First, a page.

It was a gruelling process, getting through the testing for the Waratah Seed Mission. Here is a story of many fails, but a final, big win!

Inception And Inspiration

Every great project begins with a spark of inspiration, and our CubeSat payload project was no exception. It all started when our CEO received word of a cheap launch opportunity 2 years ago.

What could we learn, discover, and achieve with the power of a small, versatile payload?

Dandelions Has Won 3rd Place In Waratah Seed
Dandelions Has Won 3rd Place In Waratah Seed

Read our blog post about that win here.

As we brainstormed, we discovered that CubeSats provided the perfect canvas for our aspirations.

With their compact size, affordability, and rapid development cycle, we saw an opportunity to venture into uncharted territories of space research.

Making Friends...

We had been lucky enough to make some really good contacts within the Australian space industry. Down under, after is, is a pretty small place.

In conjunction with our university partners, we developed preliminary designs to validate using biodegradable composite materials called Amplitex for spacecraft development.

The mission would conduct a series of cyclic deformation tests in orbit to determine the structural integrity of Amplitex to survive the space environment.

In short, the idea was to build a satellite that could test the ability of a biodegradable material to survive the harsh environment of space.

If demonstrated successfully, this would lead to significant opportunities in building and designing limited lifespan small satellites.

Why Amplitex?

Well, the ESA had previously tested Amplitex so it was a pretty good candidate, but more research was required to understand the material further in terms of radiation and durability.

Designing And Building A CubeSat

Designing a CubeSat payload is a multifaceted challenge. It's about more than just squeezing as many sensors and instruments as possible into a tiny frame. Instead, it's about carefully selecting the right tools for the mission.

We spent countless hours considering the objectives of our mission and the specific instruments needed to accomplish them.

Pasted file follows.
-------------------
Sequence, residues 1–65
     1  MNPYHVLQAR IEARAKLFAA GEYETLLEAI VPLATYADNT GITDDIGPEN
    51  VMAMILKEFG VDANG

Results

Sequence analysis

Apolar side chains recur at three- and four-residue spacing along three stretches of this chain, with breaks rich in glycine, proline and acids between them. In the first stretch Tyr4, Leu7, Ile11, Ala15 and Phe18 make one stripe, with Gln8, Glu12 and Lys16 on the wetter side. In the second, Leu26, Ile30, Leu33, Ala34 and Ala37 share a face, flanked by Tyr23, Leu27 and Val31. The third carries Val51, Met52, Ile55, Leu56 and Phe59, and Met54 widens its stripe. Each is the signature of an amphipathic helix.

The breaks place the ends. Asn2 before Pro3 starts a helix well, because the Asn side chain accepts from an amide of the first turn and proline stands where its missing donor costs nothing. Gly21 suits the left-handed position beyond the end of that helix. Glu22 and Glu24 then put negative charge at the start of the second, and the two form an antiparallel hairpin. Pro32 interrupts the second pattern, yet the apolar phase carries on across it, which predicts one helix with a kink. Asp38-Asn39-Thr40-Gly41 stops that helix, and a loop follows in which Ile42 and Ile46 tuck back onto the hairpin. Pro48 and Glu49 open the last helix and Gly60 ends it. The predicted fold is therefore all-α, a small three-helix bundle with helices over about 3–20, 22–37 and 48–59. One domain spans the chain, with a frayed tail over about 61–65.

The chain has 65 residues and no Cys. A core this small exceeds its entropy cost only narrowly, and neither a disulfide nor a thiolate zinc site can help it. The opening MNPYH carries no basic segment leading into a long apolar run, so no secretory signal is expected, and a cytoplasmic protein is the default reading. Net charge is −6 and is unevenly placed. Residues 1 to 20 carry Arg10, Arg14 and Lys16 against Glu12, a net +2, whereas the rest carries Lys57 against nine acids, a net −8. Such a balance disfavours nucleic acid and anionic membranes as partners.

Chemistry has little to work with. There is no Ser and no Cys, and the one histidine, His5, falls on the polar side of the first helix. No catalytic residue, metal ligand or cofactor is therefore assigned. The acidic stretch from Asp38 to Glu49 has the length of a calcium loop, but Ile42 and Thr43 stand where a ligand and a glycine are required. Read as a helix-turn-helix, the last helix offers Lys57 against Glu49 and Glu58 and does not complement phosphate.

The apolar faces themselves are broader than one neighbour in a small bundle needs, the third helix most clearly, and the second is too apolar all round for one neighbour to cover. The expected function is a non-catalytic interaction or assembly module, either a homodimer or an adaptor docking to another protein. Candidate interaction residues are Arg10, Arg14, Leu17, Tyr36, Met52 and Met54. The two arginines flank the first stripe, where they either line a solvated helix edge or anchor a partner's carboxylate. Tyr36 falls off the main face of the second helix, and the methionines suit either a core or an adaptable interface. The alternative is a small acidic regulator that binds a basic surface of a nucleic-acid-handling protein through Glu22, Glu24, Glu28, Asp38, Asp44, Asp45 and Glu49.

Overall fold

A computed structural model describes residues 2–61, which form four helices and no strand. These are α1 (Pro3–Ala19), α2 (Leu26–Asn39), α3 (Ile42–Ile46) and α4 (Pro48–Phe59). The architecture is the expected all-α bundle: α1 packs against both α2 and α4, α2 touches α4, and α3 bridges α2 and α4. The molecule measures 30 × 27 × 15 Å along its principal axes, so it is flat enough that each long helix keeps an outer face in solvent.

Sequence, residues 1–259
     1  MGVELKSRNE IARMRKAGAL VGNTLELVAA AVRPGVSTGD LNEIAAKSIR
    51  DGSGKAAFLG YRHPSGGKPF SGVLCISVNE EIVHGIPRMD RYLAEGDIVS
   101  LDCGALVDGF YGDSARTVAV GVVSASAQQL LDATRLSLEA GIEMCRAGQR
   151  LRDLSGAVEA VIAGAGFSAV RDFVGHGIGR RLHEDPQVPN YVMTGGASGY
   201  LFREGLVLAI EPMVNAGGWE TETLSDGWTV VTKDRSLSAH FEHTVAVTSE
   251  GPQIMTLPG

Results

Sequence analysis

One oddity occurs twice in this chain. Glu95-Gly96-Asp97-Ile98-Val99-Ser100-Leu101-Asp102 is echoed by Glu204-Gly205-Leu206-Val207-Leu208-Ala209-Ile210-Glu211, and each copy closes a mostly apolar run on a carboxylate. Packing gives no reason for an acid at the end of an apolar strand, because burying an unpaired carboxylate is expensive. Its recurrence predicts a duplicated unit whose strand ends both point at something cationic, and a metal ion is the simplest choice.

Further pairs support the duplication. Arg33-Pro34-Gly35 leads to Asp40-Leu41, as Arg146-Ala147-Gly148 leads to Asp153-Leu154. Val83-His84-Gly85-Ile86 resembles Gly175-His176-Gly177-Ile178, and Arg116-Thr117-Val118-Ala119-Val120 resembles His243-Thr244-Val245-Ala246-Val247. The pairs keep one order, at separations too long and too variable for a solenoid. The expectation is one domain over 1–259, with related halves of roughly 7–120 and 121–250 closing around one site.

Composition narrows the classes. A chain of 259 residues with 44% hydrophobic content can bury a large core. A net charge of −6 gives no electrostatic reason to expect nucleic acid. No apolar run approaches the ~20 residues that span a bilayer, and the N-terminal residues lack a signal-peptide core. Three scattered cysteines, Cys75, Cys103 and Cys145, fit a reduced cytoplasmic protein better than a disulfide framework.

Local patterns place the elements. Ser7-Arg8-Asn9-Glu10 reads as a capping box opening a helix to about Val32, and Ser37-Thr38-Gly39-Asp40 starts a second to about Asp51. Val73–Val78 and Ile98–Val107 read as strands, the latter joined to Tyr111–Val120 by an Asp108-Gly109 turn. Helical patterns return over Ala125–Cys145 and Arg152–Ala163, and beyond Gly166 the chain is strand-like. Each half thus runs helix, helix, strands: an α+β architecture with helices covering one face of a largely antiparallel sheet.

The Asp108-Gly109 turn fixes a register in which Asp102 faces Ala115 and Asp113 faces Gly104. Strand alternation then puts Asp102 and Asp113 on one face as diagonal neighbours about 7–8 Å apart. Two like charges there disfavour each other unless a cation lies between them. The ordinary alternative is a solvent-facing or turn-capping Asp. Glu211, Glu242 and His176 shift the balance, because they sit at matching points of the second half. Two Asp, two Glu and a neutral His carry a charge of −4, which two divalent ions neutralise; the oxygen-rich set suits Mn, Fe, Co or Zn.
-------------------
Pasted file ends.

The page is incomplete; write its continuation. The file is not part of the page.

We had to balance scientific goals with the limitations of CubeSat technology, all while ensuring our material samples were robust enough to withstand the harsh conditions of space.

Once the design was finalised, the real work began. Building a CubeSat payload is a meticulous process that demands a blend of technical expertise, patience, and teamwork.

We procured the necessary components through our trusted suppliers, assembled the payload in-house, and rigorously tested it to ensure every piece was in perfect working order.

Working through bugs in the satellite's codebase.

One of the most challenging aspects was the size constraint and supply chain obstructions.

CubeSats are compact, and every millimetre counts. Precision was essential, and we learned that patience truly pays off when assembling these miniature marvels.

As the payload neared completion, the excitement in our team reached new heights. But before we could launch our creation into the cosmos, it had to pass rigorous tests.

CubeSats face extreme temperatures, radiation, and the vacuum of space, so it's essential to prepare them for these harsh conditions.

Easy as plug and play :)

Our testing phase was both nerve-wracking and exhilarating.

We watched as our payload endured simulations of the space environment, making sure it could handle our space environment requirements.

Types of Testing

Ensuring that our flight software was error-free was critical. We ran simulations and tested every line of code, putting our algorithms through their paces. The code had to be robust, adaptable, and capable of handling unexpected situations that could arise during the mission.

While we diligently designed every aspect of our CubeSat payload, the real world often throws unexpected challenges our way. Debugging became a daily ritual as we encountered minor hiccups and unforeseen glitches in power.

But with patience and persistence, we clarified each issue, taking one step closer to our launch. Sometimes, even the most carefully crafted components needed a little fine-tuning. We found ourselves reworking the PCB, striving for perfection.

It was a humbling reminder that space is an unforgiving environment, and our payload needed to be flawless to endure it.

Setting up our baby for the shaker test.

As we watched our payload being integrated into the satellite, a mix of emotions washed over us. There was a sense of pride and accomplishment, knowing that our creation was one step closer to fulfilling its mission.

At the same time, there was a hint of bittersweet nostalgia as we let go of something that had become a part of us.

TVAC test at UNSW; Abishek, Joey, Harindi, Patrick, and James from the Australian space startup ecosystem!
TVAC test at UNSW; Abishek, Joey, Harindi, Patrick, and James from the Australian space startup ecosystem!

Bound For Space!

The CubeSat now belonged to a larger mission, guided by a team at Waratah Seed who would ensure its safe journey into space and its successful operation once it got there. It was a moment that underscored the collaborative nature of space exploration.

Still naked, but going to get integrated into the Waratah satellite.